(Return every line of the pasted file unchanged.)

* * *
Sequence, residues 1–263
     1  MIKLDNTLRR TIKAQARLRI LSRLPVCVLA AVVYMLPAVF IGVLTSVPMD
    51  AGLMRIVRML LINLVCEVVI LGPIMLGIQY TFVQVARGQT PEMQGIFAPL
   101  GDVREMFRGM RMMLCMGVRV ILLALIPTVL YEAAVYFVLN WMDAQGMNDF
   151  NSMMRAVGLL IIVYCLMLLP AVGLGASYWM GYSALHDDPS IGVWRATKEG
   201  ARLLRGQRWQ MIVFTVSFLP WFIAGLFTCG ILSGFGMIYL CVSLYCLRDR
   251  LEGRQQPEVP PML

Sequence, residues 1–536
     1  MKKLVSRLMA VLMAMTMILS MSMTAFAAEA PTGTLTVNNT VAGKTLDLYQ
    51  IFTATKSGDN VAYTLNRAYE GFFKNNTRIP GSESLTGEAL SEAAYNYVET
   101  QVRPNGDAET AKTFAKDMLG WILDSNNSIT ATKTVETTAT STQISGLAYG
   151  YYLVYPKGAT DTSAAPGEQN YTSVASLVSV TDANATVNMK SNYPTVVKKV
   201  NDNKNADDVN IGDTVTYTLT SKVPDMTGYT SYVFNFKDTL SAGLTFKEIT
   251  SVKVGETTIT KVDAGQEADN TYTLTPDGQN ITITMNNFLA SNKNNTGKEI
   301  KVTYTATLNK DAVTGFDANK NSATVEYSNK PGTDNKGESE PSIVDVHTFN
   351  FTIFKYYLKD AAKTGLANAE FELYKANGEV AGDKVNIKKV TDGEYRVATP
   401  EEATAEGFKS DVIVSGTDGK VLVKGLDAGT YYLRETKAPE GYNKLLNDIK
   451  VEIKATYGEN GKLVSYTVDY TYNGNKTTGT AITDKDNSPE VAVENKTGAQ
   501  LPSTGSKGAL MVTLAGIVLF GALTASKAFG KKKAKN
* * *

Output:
Sequence, residues 1–263
     1  MIKLDNTLRR TIKAQARLRI LSRLPVCVLA AVVYMLPAVF IGVLTSVPMD
    51  AGLMRIVRML LINLVCEVVI LGPIMLGIQY TFVQVARGQT PEMQGIFAPL
   101  GDVREMFRGM RMMLCMGVRV ILLALIPTVL YEAAVYFVLN WMDAQGMNDF
   151  NSMMRAVGLL IIVYCLMLLP AVGLGASYWM GYSALHDDPS IGVWRATKEG
   201  ARLLRGQRWQ MIVFTVSFLP WFIAGLFTCG ILSGFGMIYL CVSLYCLRDR
   251  LEGRQQPEVP PML

Sequence, residues 1–536
     1  MKKLVSRLMA VLMAMTMILS MSMTAFAAEA PTGTLTVNNT VAGKTLDLYQ
    51  IFTATKSGDN VAYTLNRAYE GFFKNNTRIP GSESLTGEAL SEAAYNYVET
   101  QVRPNGDAET AKTFAKDMLG WILDSNNSIT ATKTVETTAT STQISGLAYG
   151  YYLVYPKGAT DTSAAPGEQN YTSVASLVSV TDANATVNMK SNYPTVVKKV
   201  NDNKNADDVN IGDTVTYTLT SKVPDMTGYT SYVFNFKDTL SAGLTFKEIT
   251  SVKVGETTIT KVDAGQEADN TYTLTPDGQN ITITMNNFLA SNKNNTGKEI
   301  KVTYTATLNK DAVTGFDANK NSATVEYSNK PGTDNKGESE PSIVDVHTFN
   351  FTIFKYYLKD AAKTGLANAE FELYKANGEV AGDKVNIKKV TDGEYRVATP
   401  EEATAEGFKS DVIVSGTDGK VLVKGLDAGT YYLRETKAPE GYNKLLNDIK
   451  VEIKATYGEN GKLVSYTVDY TYNGNKTTGT AITDKDNSPE VAVENKTGAQ
   501  LPSTGSKGAL MVTLAGIVLF GALTASKAFG KKKAKN